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Tuesday, June 16, 2015


"In the early hours of Saturday, May 15, 2010, ten days before his seventeenth birthday, Kalief Browder and a friend were returning home from a party in the Belmont section of the Bronx. They walked along Arthur Avenue, the main street of Little Italy, past bakeries and caf├ęs with their metal shutters pulled down for the night. As they passed East 186th Street, Browder saw a police car driving toward them. More squad cars arrived, and soon Browder and his friend found themselves squinting in the glare of a police spotlight. An officer said that a man had just reported that they had robbed him. “I didn’t rob anybody,” Browder replied. “You can check my pockets.” "

by Jennifer Gonnerman

In the back of the squad car, Kalief Browder asked his friend if he had taken something (turned out there was a stolen backpack in question). His friend said that he hadn't taken anything either. Yet in 2010, at the age of 16, it was Browder that was sent to Riker's Island for a crime he didn't commit.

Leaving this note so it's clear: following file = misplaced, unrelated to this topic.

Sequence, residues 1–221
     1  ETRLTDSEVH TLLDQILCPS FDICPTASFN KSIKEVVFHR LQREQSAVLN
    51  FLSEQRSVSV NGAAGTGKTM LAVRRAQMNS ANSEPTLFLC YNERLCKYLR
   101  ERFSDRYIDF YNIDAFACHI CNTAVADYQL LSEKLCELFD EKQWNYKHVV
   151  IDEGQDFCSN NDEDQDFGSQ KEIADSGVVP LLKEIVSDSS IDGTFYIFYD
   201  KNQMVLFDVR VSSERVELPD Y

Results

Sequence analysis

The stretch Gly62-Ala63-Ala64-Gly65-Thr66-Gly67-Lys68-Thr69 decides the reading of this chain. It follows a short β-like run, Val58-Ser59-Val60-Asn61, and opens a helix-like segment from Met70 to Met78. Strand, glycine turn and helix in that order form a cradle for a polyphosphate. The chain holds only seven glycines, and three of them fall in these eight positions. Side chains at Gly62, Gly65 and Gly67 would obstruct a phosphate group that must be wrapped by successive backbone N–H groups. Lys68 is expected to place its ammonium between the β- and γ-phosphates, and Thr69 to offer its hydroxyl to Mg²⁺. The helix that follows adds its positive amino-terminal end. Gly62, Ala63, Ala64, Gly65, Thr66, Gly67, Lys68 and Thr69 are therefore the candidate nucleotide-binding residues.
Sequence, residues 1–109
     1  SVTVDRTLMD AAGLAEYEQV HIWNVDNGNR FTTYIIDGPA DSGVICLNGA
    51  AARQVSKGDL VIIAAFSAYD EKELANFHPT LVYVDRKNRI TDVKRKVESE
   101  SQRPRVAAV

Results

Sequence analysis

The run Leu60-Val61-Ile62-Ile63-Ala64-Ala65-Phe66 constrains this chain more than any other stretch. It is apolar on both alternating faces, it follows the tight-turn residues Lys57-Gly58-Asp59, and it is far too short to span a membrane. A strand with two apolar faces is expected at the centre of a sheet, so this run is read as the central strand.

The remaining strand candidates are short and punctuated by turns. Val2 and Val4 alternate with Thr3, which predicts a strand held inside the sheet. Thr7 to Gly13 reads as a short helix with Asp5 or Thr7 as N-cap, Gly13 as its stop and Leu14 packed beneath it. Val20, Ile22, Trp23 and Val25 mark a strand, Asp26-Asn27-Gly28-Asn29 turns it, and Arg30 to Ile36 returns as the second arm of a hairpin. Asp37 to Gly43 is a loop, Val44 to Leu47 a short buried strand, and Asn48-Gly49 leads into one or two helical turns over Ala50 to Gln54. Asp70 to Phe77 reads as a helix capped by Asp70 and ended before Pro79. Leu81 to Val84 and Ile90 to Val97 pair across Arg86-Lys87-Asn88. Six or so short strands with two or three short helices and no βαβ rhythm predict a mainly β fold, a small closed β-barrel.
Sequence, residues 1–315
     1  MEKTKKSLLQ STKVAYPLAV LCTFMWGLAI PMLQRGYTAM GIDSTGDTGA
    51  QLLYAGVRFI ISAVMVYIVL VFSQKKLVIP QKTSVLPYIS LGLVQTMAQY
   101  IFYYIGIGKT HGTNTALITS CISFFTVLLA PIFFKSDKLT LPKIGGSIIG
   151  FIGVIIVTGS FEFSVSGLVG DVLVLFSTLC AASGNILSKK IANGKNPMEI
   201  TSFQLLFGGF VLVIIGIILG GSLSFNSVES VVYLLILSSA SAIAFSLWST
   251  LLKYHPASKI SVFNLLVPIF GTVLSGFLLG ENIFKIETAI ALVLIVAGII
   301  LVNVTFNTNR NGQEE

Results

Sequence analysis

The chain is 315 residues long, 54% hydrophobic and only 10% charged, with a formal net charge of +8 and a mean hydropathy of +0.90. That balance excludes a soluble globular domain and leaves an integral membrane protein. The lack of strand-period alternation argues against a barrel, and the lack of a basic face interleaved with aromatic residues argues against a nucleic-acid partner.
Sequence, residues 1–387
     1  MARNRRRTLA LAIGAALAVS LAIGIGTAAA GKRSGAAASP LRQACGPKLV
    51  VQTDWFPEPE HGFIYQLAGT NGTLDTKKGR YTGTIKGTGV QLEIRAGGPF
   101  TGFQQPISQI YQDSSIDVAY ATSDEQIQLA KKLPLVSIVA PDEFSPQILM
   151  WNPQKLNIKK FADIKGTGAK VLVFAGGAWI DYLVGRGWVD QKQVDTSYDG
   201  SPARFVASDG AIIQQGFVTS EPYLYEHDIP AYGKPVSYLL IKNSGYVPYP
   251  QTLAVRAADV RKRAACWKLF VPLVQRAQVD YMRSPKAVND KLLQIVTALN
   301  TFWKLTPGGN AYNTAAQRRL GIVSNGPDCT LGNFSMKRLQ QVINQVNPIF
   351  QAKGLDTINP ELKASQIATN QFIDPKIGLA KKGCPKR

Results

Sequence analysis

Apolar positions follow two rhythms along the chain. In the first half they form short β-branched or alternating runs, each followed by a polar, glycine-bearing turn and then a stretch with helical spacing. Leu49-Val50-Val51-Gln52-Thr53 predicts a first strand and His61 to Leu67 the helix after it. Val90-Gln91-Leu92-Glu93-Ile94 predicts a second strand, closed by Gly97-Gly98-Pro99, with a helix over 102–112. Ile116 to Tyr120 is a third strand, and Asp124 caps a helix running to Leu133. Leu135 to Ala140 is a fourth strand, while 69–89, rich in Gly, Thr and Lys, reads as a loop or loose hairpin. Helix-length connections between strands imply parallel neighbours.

He wouldn't be  released for 3 years.

"Browder sat there for three years without a trial. He was repeatedly beaten by guards and inmates while in Rikers. He spent two years in solitary confinement—a euphemism for living under torture. On [a] Saturday in [June of 2015] the effects of that torture were made manifest:

That afternoon, at about 12:15 P.M., [Browder] went into another bedroom, pulled out the air conditioner, and pushed himself out through the hole in the wall, feet first, with a cord wrapped around his neck. His mother was the only other person home at the time. After she heard a loud thumping noise upstairs, she went upstairs to investigate, but couldn’t figure out what had happened. It wasn’t until she went outside to the backyard and looked up that she realized that her youngest child had hanged himself." 

                                      by  Ta-Nehisi Coates